The Basics Intensive offers an introduction to our movement training. In this intensive we offer a first encounter with the topics which make it possible to get going with our extensive movement work.
Coordination is the main topic of the basics intensive and our movement work in general.
Coordination is the foundation of movement, since movement always requires individual parts to move together. Coordination also contains in it the large topic of time: When does what happen? What is the rhythm? When does something end? When does something start? How long does something go for? In the coordination exercises in the basics intensive we will work on moving individual body parts in connection to other parts. We will work extensively on the legs and feet, the coordination of the torso and the connection between hands and feet in standing, walking, jumping and on all fours. We'll look at how kinetic energy is transferred through the body.
Isolation stands, as an undercategory of coordination, for the ability to move individual parts of the body independently. This means being able to let go of connections and create new ones. Moshé Feldenkrais' ideas of coupling and uncoupling serves as a base: familiar patterns will be uncoupled, and through previously unexplored couplings new movement patterns will be formed. The isolation work helps us learn new movements more precisely and understand details better. Through this work we gain immense freedom of movement that is not available to the untrained. The isolation work may look unspectacular from the outside, but is one of the most important topics that we cover in our movement work.
The goal of our strength training is to create freedom in regards to make technically demanding movements possible, to help stay healthy and to build broadly useful strength. This means that we train strength to allow for complexity. Instead of falling into the "fitness trap", where people stagnate for years at some point, our strength training offers clear progressions and methods for continuous development. In the basics intensive we will teach the strength exercises for the upper body, torso and lower body that build a strong base for further development and more complex exercises. The strength training covered in the basics intensive is clearly structured and offers principles that are also useful in more advanced training.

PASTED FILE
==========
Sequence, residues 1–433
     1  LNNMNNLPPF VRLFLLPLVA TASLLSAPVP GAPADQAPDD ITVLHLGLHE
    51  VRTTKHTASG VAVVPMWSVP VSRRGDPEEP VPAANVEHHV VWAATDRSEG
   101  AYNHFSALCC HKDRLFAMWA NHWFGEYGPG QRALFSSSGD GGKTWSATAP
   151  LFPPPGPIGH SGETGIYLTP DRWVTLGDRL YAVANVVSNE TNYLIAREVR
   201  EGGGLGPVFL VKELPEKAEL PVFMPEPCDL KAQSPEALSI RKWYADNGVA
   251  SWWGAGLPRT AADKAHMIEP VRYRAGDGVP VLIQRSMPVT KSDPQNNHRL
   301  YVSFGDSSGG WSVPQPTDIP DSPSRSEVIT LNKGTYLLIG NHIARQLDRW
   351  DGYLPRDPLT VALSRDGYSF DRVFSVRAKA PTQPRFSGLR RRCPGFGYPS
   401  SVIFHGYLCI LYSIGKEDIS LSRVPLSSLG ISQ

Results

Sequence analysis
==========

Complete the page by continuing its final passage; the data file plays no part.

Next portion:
Mobility is often used synonymously with freedom of movement, and can be used as an umbrella term covering the three previously mentioned topics. Having good mobility doesn't simply mean to be well stretched, but also to be able to use strength and coordination to bring oneself into positions and move further from them. The mobility training in the basics intensive explores different methods of gaining mobility, like Loaded Progressive Stretching (based on Ido Portals work), movement close to the floor, mobilizing the spine through circles and waves, as well as the principle of "space in the body" (based on Martin Kilvady's work).
Philosophy and theory
Besides the extensive practical work, it's also important to us that we bring awareness to the many questions that accompany our movement practise. We'll look at these focusing on the three large questions: What? How? Why?
Through the basics intensive we give the students resources to help them keep up the training and develop in the material presented. This comes in the form of training plans, videos and sound recordings. Furthermore we offer the possibility of a continued close work process with us through individualized training plans (prices, methods and expected work output can be discussed further in the intensive).
The next step following the basics intensive is our "expanded basics" intensive, or one of our open intensives.